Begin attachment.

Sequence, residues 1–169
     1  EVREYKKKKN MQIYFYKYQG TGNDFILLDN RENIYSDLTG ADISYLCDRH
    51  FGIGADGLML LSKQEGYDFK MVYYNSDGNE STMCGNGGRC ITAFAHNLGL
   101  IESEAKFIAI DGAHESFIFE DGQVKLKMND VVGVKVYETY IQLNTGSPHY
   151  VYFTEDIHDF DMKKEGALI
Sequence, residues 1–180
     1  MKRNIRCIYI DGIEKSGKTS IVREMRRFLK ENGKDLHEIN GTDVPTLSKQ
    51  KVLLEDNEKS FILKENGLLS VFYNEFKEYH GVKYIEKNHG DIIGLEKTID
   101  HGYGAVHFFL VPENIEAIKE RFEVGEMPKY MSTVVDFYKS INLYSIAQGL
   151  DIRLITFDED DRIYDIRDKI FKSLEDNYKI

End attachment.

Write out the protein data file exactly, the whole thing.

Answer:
Sequence, residues 1–169
     1  EVREYKKKKN MQIYFYKYQG TGNDFILLDN RENIYSDLTG ADISYLCDRH
    51  FGIGADGLML LSKQEGYDFK MVYYNSDGNE STMCGNGGRC ITAFAHNLGL
   101  IESEAKFIAI DGAHESFIFE DGQVKLKMND VVGVKVYETY IQLNTGSPHY
   151  VYFTEDIHDF DMKKEGALI
Sequence, residues 1–180
     1  MKRNIRCIYI DGIEKSGKTS IVREMRRFLK ENGKDLHEIN GTDVPTLSKQ
    51  KVLLEDNEKS FILKENGLLS VFYNEFKEYH GVKYIEKNHG DIIGLEKTID
   101  HGYGAVHFFL VPENIEAIKE RFEVGEMPKY MSTVVDFYKS INLYSIAQGL
   151  DIRLITFDED DRIYDIRDKI FKSLEDNYKI